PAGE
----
Like, if I'm at a used book store, I habitually look if there's a bin of old cheap National Geographic or other travel magazines and leaf through them to see whether any have cool photographs, if I see an interesting picture on the internet I will safe it, and so on.
Obviously after a time this results in an organizational problem if you ever want to find anything again. So I'm wondering how others deal with this.
It's not so bad with the books, I just have a shelf with books I got for their pictures, like for example collections of photographs from the 1920s, 30s and so on, books of animals, places, people, cars, design... It's harder for the magazines because things like National Geographic aren't topic specific, so I never know whether I decided to keep some issue for pictures of some place or some animal, or even whether it was in the title article. Which makes finding things again a bit harder.
Digital stuff is the least problematic in some respects, because I have created a bunch of folders labeled by topic for photos (reference for buildings & cityscapes, landscapes, actions, clothing, animals, plants, objects, symbols, textures,... with some having subfolders) and some other folders for art by other people, and yet another set of folders for fandom character reference, so it's not hard to find which folders to browse. The main problem is that I don't always know where I got some image from, because it's so much easier to just save a picture than to save it and add something to its meta-info field. That isn't a big problem if I just use it as inspiration or reference some parts of it, but if say a landscape photo was to serve as main reference for a drawn background I might want to acknowledge that, yet often by the time I use something I have no idea where it came from anymore.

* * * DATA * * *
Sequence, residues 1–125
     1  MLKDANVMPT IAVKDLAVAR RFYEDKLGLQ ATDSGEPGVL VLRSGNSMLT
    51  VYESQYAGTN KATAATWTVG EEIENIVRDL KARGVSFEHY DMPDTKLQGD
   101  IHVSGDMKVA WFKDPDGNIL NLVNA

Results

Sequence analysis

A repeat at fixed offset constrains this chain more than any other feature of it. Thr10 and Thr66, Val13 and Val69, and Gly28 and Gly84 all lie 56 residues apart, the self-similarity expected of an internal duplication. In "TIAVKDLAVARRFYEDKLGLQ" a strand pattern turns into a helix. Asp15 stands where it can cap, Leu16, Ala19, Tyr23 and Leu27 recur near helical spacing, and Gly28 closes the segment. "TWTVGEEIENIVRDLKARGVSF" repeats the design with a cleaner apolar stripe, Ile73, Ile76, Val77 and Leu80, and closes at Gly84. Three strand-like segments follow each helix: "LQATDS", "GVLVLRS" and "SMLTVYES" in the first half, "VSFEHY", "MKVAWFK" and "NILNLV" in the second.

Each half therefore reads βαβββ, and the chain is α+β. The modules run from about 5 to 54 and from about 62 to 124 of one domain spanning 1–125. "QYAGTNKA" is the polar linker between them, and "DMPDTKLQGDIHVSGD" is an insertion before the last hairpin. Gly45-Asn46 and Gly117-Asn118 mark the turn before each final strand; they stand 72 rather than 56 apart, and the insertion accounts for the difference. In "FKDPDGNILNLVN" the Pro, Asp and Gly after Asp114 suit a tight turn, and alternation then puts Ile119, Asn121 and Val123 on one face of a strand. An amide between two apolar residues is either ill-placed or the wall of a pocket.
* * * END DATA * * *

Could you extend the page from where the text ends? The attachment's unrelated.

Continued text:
Photos I've taken myself before having a digital camera are more of a mess, because those are mostly in big boxes, and most are kind of boring holiday photos with some cool landscapes and animals scattered inbetween. But the worst are the boxes of, well I guess "junk" fits, i.e. stuff I've kept for because it seemed like a good idea at the time. Much of that is also paper, like exhibition catalogs, flyers that looked interesting, clippings from newspapers or magazines, posters, but there's also stuff like feathers with a nice pattern, stones, tins, even some bit of metal that rusted in an interesting way, and so on. I mean, I try to keep the non-paper junk down to one box or so, because I really don't need to go down the road of people who end up smothered by their packrat piles collapsing on them, but well, I'm not a very tidy person to begin with, so it's an uphill battle. I guess what I really need would be del.icio.us tagging for RL objects and/or a physical search engine, but I fear that level of virtual home and computer merging is still a way off into the future.
So, how do you deal with organizing your reference and inspirational collection so that is actually useful for you rather than a pile of messy clutter? Do you have some kind of system? Or just really good spatial memory?
Though I don't draw professionally or even all that often, I still have a habit of collecting interesting visual things for reference or inspiration. Even with libraries and these days internet image searches it is not easy to find the exact kind of interesting picture you need when you need it, or sometimes you don't even know what exactly it would be you need to realize some vague idea. Or at least it is like that for me, so if I come across something that is visually stunning, unusual, interesting, seems like a good inspiration, or a possible reference for something I might draw some day I keep it.